In the afternoon, WG-I reviewed proposed changes from the morning discussion, as well as those provided to the Chair. GERMANY proposed a new objective on establishing a representative network of protected areas incorporating the prior informed consent of indigenous and local communities. BELGIUM stated that the issue of access and benefit-sharing should be linked with the draft Bonn Guidelines. GREENPEACE INTERNATIONAL called for prioritizing global targets.

ASSESSMENT AND MONITORING: Chair Warren presented proposed changes to the programme element on assessment and monitoring. The SEYCHELLES and CANADA questioned a new reference to international standards and protocols under national forest classification systems. COLOMBIA requested inserting a reference to knowledge in the elements title and consideration of ecological and socioeconomic factors using the ecosystem approach, which AUSTRALIA questioned. PORTUGAL expressed concern about the feasibility of developing a harmonized classification system.

Regarding proposed activities, AUSTRALIA and NEW ZEALAND questioned reference to socioeconomic and cultural components in classification systems. The US called for integrating forest biodiversity data collection into existing forest monitoring and assessment activities. BURKINA FASO and CAMEROON supported regular forest inventories with adequate financial resources. BRAZIL suggested shifting the focus from inventories to monitoring. GERMANY noted the need to understand thresholds for forest biodiversity loss and ecosystem change. FINLAND, FRANCE and PERU called for language emphasizing synergies with other organizations. AUSTRALIA proposed including cross-cutting issues within a preamble.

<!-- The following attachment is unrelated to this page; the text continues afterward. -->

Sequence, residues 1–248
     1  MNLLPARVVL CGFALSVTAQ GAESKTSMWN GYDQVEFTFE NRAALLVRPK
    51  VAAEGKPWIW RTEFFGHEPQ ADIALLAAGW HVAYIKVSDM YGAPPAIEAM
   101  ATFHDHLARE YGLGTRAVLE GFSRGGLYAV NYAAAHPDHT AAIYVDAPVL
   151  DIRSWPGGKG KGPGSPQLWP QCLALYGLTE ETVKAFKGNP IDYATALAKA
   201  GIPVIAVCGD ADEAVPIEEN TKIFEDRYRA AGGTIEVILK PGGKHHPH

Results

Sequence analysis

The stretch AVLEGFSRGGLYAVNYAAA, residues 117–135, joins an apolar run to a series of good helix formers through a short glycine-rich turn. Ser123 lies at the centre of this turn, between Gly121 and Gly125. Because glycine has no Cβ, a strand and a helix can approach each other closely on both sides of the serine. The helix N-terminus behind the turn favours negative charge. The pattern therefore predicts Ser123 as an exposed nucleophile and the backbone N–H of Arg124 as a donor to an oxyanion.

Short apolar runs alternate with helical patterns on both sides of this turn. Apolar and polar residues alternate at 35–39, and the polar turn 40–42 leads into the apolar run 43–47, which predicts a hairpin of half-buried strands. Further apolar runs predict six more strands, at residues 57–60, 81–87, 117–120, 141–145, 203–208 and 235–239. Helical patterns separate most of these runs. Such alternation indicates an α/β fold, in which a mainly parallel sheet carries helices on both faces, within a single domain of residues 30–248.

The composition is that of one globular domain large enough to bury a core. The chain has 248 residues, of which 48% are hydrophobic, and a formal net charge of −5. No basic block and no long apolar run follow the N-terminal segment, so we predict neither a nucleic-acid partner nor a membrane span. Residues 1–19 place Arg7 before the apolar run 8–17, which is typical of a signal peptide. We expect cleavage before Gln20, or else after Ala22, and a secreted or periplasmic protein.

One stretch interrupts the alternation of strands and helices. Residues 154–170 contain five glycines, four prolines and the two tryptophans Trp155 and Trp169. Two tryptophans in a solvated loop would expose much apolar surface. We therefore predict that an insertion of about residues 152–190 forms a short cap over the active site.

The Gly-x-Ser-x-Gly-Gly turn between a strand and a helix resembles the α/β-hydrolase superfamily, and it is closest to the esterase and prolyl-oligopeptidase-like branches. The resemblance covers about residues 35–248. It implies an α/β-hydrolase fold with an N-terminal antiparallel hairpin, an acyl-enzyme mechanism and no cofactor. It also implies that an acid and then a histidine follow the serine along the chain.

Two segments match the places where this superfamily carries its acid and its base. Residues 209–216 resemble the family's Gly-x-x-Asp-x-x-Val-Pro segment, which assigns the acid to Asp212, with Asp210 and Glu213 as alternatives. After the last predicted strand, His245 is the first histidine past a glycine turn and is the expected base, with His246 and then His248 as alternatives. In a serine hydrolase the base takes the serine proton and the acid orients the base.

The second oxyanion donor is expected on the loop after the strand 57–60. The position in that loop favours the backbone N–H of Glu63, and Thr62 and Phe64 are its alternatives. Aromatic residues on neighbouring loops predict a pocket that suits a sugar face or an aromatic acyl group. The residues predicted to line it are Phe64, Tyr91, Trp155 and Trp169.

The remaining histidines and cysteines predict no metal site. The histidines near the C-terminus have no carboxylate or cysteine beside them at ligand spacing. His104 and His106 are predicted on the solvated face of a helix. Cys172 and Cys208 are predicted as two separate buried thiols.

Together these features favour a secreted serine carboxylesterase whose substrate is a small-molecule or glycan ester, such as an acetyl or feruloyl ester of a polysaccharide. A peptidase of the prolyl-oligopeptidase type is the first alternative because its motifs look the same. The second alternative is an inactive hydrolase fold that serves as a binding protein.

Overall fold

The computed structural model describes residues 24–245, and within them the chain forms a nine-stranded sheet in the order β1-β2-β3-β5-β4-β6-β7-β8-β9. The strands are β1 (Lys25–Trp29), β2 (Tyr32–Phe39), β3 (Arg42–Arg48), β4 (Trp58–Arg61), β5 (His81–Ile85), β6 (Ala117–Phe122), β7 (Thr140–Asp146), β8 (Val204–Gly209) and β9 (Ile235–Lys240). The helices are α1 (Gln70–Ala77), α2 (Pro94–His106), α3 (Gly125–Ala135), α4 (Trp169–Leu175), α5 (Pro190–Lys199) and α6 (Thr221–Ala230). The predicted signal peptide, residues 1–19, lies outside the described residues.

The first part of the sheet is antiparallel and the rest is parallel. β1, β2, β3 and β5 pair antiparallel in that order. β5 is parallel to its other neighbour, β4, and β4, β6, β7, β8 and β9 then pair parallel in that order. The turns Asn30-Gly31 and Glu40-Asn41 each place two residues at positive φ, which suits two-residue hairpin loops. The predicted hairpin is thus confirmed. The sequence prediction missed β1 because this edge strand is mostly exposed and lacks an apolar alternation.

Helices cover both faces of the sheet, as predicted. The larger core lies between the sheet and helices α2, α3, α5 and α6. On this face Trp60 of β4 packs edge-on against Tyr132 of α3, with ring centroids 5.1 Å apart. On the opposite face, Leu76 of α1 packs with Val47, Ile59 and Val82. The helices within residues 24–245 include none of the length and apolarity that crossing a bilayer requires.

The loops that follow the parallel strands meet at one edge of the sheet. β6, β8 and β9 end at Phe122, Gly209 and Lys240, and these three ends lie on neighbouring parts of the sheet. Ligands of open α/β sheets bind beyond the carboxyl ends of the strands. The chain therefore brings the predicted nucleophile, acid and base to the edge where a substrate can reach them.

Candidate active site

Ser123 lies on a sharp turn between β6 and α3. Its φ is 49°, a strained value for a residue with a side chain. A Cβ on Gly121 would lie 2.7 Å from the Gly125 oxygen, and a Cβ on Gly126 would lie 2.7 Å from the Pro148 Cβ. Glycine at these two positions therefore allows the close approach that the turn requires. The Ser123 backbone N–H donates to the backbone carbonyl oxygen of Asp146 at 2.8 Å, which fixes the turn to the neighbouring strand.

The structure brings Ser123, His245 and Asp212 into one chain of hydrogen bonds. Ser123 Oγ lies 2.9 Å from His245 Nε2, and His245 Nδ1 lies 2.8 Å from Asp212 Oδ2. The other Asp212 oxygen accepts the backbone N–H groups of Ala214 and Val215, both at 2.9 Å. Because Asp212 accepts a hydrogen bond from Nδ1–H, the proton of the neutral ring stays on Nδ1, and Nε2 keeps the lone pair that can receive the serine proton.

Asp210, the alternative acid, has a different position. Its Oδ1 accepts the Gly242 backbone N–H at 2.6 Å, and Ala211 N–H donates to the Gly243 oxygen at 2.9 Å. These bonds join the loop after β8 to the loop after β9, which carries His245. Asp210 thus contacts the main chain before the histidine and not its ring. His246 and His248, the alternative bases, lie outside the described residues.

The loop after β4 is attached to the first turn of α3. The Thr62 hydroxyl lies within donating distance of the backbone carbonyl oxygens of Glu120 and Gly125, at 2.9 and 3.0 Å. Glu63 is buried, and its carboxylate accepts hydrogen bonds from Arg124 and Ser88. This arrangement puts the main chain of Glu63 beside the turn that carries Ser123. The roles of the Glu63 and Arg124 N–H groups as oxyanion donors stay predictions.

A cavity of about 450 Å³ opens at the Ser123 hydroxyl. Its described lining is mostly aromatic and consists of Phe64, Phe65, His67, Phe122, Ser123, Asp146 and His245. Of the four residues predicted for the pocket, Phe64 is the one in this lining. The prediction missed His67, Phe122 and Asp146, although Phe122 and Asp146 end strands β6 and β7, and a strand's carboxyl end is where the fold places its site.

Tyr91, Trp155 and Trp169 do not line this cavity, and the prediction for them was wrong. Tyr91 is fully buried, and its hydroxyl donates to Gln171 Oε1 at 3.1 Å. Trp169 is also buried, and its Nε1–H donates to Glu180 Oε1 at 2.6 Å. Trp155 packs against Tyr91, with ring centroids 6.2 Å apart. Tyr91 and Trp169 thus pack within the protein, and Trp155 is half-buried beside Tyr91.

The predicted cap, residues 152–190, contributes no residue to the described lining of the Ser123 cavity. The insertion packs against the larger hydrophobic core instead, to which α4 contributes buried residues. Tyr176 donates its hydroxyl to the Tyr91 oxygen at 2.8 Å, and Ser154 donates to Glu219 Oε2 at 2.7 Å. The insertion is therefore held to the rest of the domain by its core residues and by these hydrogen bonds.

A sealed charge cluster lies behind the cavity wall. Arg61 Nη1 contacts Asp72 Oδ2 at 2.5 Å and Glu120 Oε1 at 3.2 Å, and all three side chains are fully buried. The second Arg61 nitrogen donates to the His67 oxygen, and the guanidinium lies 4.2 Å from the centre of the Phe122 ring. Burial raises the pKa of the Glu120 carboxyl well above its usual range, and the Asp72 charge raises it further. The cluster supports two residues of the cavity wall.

ENABLING ENVIRONMENT: Chair Warren presented proposed changes to the programme element on enabling environment. The NETHERLANDS noted the importance of benefit-sharing, and COLOMBIA stressed capacity building as an overarching objective. On a proposal regarding fire prevention and the effects of fire on biodiversity loss, MALI and SWEDEN noted fires importance in some ecosystems, while BRAZIL called for deleting the reference. Regarding illegal logging, BRAZIL suggested broadening this to illegal exploitation, trade and consumption of timber, non-timber resources and genetic resources. On a proposal regarding certification as a tool to combat illegal logging, CAMEROON said that for many countries certification is not feasible in the short term. FINLAND noted certification as a voluntary, market driven tool and stressed the importance of third party auditing. BOLIVIA noted that legal systems not ensuring sustainability would be of limited significance. BELGIUM noted the importance of halting import of illegal timber. The EC opposed a proposal to delete reference to mitigation of economic distortions.

Chair Warren noted that a contact group would be formed to incorporate the proposals into the existing draft text.

BUSHMEAT: Chair Warren introduced a draft recommendation on bushmeat. BELGIUM suggested broadening the focus to cover unsustainable hunting of forest animals. KENYA called for collaboration with other relevant agreements and institutions. CAMEROON stressed the importance of alternative protein sources, and called for inclusion of trade in bushmeat. Chair Warren proposed that a small group consider the issue further.